Swedish Pirate Party faces lawsuit for being Pirate Bay's ISP

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A Swedish copyright group is threatening to sue Sweden's Pirate Party unless it stops providing Internet access to infamous file share site The Pirate Bay.

Sweden’s Pirate Party has received notice that they will be sued if they do not stop supplying Internet access to the world’s largest peer-to-peer file sharing site, The Pirate Bay.

According to the Pirate Times, the Swedish movie industry’s anti-piracy organization, the Rights Alliance, has informed the party by letter (in Swedish) that if it and its ISP Serious Tubes, does not shut down The Pirate Bay’s Internet access by the 26th of the month, they will file suit against them.

“The letter is a well formulated extortion letters (sic),” Pirate Party leader Anna Troberg wrote on her blog. She said her party, founded in 2006, is legal and, furthermore, there is no Swedish law or legal precedent for denying Internet access to a specific group.

Instead, she believes the action is an attempt to force the Pirate Party’s hand by making them spend more than they cannot afford to defend a spurious suit, the Swedish version of a SLAPP, or “strategic lawsuit against public participation.” Bringers of SLAPP suits do not necessarily believe they can win in a court of law. Instead, they hope the mere trouble, notoriety and expense of defending against the suit will cause the party it is used against to fold.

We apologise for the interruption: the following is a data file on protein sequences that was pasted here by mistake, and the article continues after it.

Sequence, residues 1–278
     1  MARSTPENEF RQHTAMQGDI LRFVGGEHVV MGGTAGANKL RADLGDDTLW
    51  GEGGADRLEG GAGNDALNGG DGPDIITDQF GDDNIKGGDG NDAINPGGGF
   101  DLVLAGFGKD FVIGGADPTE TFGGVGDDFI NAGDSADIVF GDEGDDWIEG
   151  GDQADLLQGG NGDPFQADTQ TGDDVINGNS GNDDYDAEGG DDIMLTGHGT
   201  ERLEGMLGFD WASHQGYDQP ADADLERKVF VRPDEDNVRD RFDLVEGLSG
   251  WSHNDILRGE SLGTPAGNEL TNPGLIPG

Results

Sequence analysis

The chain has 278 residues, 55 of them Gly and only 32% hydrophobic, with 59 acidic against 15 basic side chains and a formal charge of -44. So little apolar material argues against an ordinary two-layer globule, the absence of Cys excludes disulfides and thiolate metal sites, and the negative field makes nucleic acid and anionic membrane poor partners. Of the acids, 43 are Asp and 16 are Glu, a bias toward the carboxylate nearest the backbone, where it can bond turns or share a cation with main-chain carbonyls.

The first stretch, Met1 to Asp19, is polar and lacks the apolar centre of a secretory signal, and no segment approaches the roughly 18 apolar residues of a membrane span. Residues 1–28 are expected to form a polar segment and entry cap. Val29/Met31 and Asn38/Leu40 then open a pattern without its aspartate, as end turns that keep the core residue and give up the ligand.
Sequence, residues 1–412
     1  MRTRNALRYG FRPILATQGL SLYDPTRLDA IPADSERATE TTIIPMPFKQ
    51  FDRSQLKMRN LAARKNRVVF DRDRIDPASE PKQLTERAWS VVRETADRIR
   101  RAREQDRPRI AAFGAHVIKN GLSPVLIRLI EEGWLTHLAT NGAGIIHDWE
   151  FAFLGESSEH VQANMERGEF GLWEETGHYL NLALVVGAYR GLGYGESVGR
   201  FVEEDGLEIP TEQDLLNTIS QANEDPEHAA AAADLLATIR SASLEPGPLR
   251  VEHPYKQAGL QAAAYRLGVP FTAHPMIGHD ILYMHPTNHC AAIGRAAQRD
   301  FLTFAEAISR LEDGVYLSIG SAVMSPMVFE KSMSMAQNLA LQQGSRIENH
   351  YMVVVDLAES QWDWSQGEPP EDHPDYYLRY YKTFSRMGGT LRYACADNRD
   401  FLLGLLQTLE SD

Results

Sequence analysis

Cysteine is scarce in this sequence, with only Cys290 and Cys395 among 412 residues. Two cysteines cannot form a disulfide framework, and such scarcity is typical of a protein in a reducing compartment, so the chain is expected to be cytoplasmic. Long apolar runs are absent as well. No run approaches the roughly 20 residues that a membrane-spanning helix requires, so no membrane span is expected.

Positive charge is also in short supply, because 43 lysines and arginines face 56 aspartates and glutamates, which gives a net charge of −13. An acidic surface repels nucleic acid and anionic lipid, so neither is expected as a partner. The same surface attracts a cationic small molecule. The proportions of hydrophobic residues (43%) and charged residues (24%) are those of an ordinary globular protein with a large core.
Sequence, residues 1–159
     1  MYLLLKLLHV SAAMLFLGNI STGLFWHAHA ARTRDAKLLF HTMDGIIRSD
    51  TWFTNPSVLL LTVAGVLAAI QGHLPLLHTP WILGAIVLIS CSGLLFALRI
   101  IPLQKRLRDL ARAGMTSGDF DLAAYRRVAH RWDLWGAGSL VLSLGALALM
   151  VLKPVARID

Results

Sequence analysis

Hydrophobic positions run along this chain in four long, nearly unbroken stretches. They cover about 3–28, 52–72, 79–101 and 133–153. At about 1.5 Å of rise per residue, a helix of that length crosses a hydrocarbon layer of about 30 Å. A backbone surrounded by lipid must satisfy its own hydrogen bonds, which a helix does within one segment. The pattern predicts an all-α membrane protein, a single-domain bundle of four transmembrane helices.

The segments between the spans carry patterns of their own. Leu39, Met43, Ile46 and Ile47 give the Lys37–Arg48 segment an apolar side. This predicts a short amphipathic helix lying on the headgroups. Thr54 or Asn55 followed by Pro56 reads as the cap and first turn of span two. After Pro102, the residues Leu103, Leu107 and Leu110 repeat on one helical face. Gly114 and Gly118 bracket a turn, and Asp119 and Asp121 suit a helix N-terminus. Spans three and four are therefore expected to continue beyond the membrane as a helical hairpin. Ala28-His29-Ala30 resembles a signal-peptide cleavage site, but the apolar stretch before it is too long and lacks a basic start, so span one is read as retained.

On its site, Serious Tubes claims that the Pirate Party is the host for The Pirate Bay. However, in a comment on Slashdot, Rickard Olsson, a Pirate Party member, clarified his party’s relationship to file-sharing service.

“We're not hosting TPB, we're just routing traffic to them. Just like an ISP. Serious Tubes routes traffic to the Pirate Party, so they're even more removed. But, last night, Portlane, one of the ISPs that routes traffic to Serious Tubes, was pressured into cutting their transit to ST, even if they were just a provider to a provider to a provider to TPB.”

IDG quoted Troberg explaining that “The Pirate Party is a registered ISP that buys bandwidth for The Pirate Bay at Serious Tubes, an ISP that acts as a transit provider for the Pirate Party.“

Swedish courts have previously ordered ISPs to drop or block TPB. However, in 2009, its founders were found guilty of massive copyright violations and sentenced to a year in prison. TPB then reorganized itself to accord with Swedish law.

As the Pirate Times noted, an ISP in the Netherlands was ordered to block TPB by the courts, and the Pirate Party of the United Kingdom has already settled a lawsuit by agreeing to stop providing U.K. residents with proxy access to the banned file sharing site .

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